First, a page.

Tuesday, 9 October 2018

Um Mitternacht ! Mahler 5 - Andris Nelsons Gewandhausorchester Leipzig

Andris Nelsons : Photo Jens Gerber 2017

Andris Nelsons conducted the Leipzig Gewandhaus Orchestra (Gewandhausorchester Leipzig) in Mahler Symphony no 5 and Bernd Alois Zimmermann Nobody Knows de Trouble I've seen with Håkan Hardenberger, at the Royal Festival Hall in the first of two concerts marking the start of a five year assocaition between the Leipzig Gewandhaus Orchestra and the South Bank.  The Gewandhausorchester are regular visitors to London (I first heard them with Kurt Masur) but wow, were they sounding good tonight. The dynamic between players and conductor was like electricity - nothing wasted, quick and agile. The tiniest flick of Nelson's fingers and the Leipzigers knew exactly what to do.  No messing about, no fluffed cues ! This is a virtuoso orchestra, yet so full of life and expression, and with Nelsons, there seems to be a real spark.  

Nelsons has of course conducted this symphony many times, but one of the many things I liked about this particular performance was the way he seemed to be building on the strengths of this orchestra and its unique heritage.  It made me reflect on how the Mendelssohn DNA in this orchestra creates the Leipzig sound - warm, dignified and extremely humane.  This is pertinent applied to Mahler because his music, far from being bombastic or hysterical, reveals itself best when approached with sensitivity.  Although this symphony requires a large orchestra, it operates like chamber music, where individuals pay attention to the others and every note, no matter how small, cointributes to the whole. In some ways, Mahler 5 works like a string orchestra writ large, brass and winds extending instrumental colour.  Trumpets lead, but the soul resides in the murmuring "heartbeats",  the lower-voiced strings which here seemed to pulsate like a living organism.   The celli were placed in the centre, violins and violas around them, basses behind, the winds mediating between the strings, brass and percussion.  This symphony connects to Kindertotenlieder, a song cycle with quasi-symphonic structure.  There are also connections to Um Mitternacht , another Rückert setting,  completed a fe3w months later.  "Um Mitternacht/Nahm ich in Acht/ Die Schläge meines Herzens."  Paying attention to something barely perceptible in the course of daytime bustle,  but heard most clearly in the stillness of night.  And note the final verse "Herr über Tod und Leben/Du hältst die Wacht/Um Mitternacht! "  Life is fragile, dependent on the beating of a small(ish) organ in the body.  It is also significant that the symphony was written not long after Mahler had had a near brush with death in 1901, when the symphony was in gestation.  All this is absolutely relevant to interpretation, and thus to performance.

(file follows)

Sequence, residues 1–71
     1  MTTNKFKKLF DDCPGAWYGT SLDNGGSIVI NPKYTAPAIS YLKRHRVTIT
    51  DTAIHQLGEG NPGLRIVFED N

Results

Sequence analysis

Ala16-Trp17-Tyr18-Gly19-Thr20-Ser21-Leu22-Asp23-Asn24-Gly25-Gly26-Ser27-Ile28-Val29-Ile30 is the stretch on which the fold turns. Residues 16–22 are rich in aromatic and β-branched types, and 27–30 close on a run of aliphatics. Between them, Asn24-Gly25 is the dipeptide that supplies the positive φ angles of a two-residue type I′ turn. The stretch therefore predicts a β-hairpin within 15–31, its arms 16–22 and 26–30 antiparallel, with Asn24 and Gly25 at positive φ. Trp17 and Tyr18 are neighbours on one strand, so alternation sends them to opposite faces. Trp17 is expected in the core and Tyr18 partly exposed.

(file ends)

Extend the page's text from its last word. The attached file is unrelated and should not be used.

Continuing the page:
What I liked about Nelsons and the Gewandhausorchester Leipzig's Mahler 5 was thus intimacy.  The symphony can be done as Big Blast Phil Spector Wall of Sound, which is of course exciting. But for me, anyway,  real excitement comes from understanding how the climaxes grow from the quiet moments where the focus is on tiny details, like the ping of the triangle, which on this occasion was every bit as powerful n its own way as the more obviously dramatic trumpet introduction, also beautifully played, echoed later by the other trumpets.  Collegiality matters in Mahler 5.  Like the human body, the music lives when its components work together.  And chamber music collegiality comes naturally to an orchestra like the Gewandhausorchester Liepzig.  At moments I felt I could hear the sound of individual players and instruments,  working together rather than absorbed into undifferentiated mass.  If a symphony should contain the world as Mahler said, this is what it might sound like. Much more hunman and personal !  In this increasingly polarized world, the last thing we need is Party Rally "excitement" in music. 

Like the beating of a heart, the Trauermarsch was neither hyper nor feeble, but steady and unostentatious.  A funeral march, but  disciplined, as one might hear in the kind of military garrison town such as Mahler grew up in. Not a flashy militarist procession !  Very deliberate, not long enoughtoi break the flow but just enough to catch the breath  - Um Mitternacht Hab' ich gedacht  hinaus in dunkle Schranken.  This emphasized the contrast with the Stürmisch bewegt section which followed, showing them as two connected parts of the same whole.  A lively Scherzo and then one of the most beautiful Adagiettos in a long time, so lovely that it was perhaps the highpoint of the evening. The harps sparkled, the strings shimmered : truly a hymn to love, though not  just in the sense of a Valentine for Alma as this section is sometimes marketed.   The love here is more transcendent : the love of life itself, a theme that flows through so much of Mahler's music like lifeblood, pumping through the heart.  The warmth and assurance that the Leipzigers do so well enriched this performance.  Yet again, consider the way Um Mitternacht concludes on a high, with a kind of mini-anthem.  Thus the Rondo Finale which pulls together the dfferent threads of the symphony, creating a sense of purposeful unity.  In short, the Gewandhausorchester Leipzig trademark style,  unfussy but profound.

Nelsons has conducted Bernd Alois Zimmernann's Nobody Knows de Trouble I've Seen paired with Mahler 5  with the Berliner Philharmoniker since it features a stunning, jazzy trumpet part (Håkan Hardberger, too) as does the symphony. But the glow of the Gewandhausorchester Leipzig is different from the shine of the Berliner Philharmoniker so this time, the combination didn't work as well.

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